When I quit drinking, I used a B-complex supplement that contained 25 mg of synthetic niacin per serving. If I had to do it all over again, I would take Legion Triumph, which contains a total of 100 mg of niacin per day.
Legion Triumph is a better source of niacin than other B-complex supplements for several reasons:
Legion Triumph can be safely combined with other supplements containing B-vitamins. However, if your goal is primarily to feel calmer while quitting drinking, I recommend looking into an awesome supplement called Calm Support.
Always consult with your doctor before beginning new supplements or lifestyle changes.
Niacin And Alcohol: Interactions
Combining large doses of niacin with heavy drinking can be problematic for two reasons:
- Mega-doses(1 gram or more) of niacin and alcohol are both blood thinners
- Mega-doses(1 gram or more) of niacin and alcohol can both cause liver problems
People who consume large amounts of niacin and alcohol simultaneously can experience facial flushing, itchy skin, dizziness, and nausea. (source)
If you plan to take a mega-dose of niacin before quitting drinking, it’s best to get your liver enzymes checked periodically and to proceed only under the care of a doctor.
Large doses of niacin may be unsuitable for people with alcoholic cirrhosis.
However, I have not been able to find a single case of death caused by niacin supplementation alone. Alcohol is by far the leading cause of liver damage.
Many people have successfully used niacin for depression and for reducing alcohol cravings after quitting drinking. Others have reported that consuming niacin and alcohol at the same time reduced their alcohol cravings and thereby helped them wean off of drinking.
Scientific Research On Niacin
Research shows that niacin is effective for biochemical restoration, may reduce alcohol cravings, and has a favorable safety profile:
- A 2014 review of research and case studies concluded that niacin supplementation can improve psychological and physical recovery from alcoholism (source)
- A 2014 study showed that niacin supplementation helped reverse alcoholic fatty liver disease (source)
- A study on rats showed that a group given high doses of niacin consumed 36% less alcohol than rats given normal levels of niacin (source)
- A scientific review of the safety of niacinamide concluded that it is safe at doses of less than 3 grams per day (source)
As an interesting aside, consider the following passage about AA Founder Bill Wilson’s experience with niacin and alcohol recovery:
“Even as AA slowly grew, many of Bill’s financial and personal problems endured, most notably depression. I met Bill in New York in 1960. I introduced him to the concept of megavitamin therapy. Bill was very curious about it and began to take Niacin, 3000mg daily. Within a few weeks the fatigue and depression that had plagued him for years were gone. He gave it to 30 of his close friends in AA. Of the 30, 10 were free of anxiety, tension and depression in one month. Another 10 were well in two months. Bill then wrote “The Vitamin B3 Therapy,” and thousands of copies of this extraordinary pamphlet were distributed. As a result, Bill became unpopular with the members of the board of AA International. The medical members, who had been appointed by Bill, “knew” vitamin B3 could not be as therapeutic as Bill had found it to be. I found it very useful in treating patients who were both alcoholic and depressed.” -Dr. Abram Hoffer (source)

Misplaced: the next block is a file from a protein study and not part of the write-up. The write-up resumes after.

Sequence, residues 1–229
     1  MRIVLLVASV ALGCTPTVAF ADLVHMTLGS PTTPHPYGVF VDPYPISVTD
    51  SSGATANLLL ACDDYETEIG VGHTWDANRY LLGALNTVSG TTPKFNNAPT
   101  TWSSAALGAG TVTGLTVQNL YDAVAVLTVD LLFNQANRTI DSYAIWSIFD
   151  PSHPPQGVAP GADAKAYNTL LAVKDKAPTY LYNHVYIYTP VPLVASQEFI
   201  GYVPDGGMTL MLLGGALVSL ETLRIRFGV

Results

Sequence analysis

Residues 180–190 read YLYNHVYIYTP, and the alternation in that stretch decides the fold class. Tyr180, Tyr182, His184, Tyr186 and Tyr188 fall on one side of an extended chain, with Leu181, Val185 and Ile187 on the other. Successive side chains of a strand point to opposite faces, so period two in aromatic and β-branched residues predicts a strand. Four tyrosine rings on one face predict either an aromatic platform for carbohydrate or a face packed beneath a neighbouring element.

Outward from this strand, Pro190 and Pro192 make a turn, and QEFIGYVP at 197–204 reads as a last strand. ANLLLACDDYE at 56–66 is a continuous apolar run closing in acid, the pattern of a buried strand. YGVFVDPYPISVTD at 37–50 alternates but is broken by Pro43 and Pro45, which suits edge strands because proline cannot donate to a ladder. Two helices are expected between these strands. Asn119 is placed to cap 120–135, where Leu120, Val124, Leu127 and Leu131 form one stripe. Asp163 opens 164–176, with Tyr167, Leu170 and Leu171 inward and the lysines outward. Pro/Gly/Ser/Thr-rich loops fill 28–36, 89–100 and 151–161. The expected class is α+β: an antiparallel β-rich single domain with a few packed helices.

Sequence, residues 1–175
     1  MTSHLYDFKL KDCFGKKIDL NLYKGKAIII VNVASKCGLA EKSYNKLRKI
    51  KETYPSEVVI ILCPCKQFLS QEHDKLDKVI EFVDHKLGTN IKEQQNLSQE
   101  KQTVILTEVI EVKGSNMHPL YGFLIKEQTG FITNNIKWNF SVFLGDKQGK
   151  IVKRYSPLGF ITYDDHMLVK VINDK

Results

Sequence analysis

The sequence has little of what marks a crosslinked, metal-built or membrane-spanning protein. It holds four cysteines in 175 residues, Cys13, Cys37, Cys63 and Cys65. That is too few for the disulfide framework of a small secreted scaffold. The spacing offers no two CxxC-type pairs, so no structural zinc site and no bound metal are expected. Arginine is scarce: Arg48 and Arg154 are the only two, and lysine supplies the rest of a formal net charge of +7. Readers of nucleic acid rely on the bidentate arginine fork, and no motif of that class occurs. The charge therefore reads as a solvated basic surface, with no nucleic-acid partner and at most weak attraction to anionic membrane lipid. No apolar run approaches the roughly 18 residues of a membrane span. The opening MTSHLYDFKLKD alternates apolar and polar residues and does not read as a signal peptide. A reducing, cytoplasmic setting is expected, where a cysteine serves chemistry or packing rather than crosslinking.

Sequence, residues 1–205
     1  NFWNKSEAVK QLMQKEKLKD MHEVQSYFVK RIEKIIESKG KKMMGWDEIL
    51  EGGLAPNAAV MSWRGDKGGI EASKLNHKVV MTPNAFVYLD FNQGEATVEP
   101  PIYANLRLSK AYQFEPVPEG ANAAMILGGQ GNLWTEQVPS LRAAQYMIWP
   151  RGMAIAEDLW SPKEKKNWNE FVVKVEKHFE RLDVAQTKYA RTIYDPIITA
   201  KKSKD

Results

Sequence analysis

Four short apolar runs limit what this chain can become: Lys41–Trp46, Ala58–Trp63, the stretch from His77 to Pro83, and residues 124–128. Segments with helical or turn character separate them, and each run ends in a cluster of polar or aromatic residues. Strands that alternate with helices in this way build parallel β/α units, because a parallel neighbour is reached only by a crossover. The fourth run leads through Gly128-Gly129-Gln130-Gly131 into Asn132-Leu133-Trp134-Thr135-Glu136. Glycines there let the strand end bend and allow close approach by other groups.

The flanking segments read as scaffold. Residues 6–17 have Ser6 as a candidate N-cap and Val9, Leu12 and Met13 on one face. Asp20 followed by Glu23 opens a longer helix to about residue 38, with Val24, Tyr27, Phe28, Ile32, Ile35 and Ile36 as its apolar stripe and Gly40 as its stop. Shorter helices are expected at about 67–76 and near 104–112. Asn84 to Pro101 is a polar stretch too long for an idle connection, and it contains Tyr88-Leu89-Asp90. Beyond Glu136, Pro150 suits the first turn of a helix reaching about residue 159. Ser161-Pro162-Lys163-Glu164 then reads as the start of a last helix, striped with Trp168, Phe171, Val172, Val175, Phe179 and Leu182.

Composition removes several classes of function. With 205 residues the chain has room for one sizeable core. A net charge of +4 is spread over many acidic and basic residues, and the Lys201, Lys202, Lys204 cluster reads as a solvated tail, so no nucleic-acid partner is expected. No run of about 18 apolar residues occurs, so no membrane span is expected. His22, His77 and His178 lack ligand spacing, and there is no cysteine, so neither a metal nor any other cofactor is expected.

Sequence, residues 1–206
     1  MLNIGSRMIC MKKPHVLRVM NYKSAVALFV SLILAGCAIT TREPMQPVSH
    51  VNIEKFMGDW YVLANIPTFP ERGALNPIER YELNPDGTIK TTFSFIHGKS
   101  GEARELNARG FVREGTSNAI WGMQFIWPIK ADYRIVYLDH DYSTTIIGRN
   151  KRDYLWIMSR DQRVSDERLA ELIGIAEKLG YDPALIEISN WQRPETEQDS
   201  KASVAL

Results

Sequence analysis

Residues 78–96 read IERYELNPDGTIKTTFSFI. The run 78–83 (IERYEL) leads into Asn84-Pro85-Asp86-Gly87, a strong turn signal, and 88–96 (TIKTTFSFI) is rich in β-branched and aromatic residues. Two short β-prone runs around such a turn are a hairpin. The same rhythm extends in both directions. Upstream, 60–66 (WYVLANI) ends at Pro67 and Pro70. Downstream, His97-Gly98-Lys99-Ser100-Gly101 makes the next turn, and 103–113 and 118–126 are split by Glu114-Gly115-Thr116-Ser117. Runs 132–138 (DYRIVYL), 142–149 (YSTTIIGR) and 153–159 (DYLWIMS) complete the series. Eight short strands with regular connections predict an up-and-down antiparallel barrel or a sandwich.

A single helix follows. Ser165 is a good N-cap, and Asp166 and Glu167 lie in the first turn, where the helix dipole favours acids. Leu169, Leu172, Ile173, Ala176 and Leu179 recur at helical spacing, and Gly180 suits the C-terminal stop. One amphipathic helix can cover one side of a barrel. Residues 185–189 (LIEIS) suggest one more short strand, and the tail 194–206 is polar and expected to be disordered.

Niacin And Alcohol: Conclusion
If you’ve found this article helpful, be sure to check out my other article on vitamins for alcohol withdrawal. In that article and others like it, I’m not arguing that you need to take every remedy I discuss.
With nutritional repair and natural remedies, trial and error is the best approach. I’ve never had a bad reaction to vitamins or natural supplements. Some have simply worked much better than others. The best ones have worked so well that they’ve seriously changed my life.
Despite the plethora of pharmaceutical options for alcohol addiction, scientists have long understood the necessity of using vitamins for biochemical restoration. This is a subject that I discuss at length in my eBook, Drinking Sucks!
Many alcoholics in hospitals are given IV injections of thiamine (vitamin B1) to prevent brain damage. You can read my article on how to use thiamine for alcohol withdrawal here.
Basic (and high quality!) supplements are much safer than prescription drugs that mask the symptoms of underlying nutrient deficiencies. Untreated deficiencies can cause serious complications down the road.
If you have any questions about niacin and alcohol, please post them in the comment box below.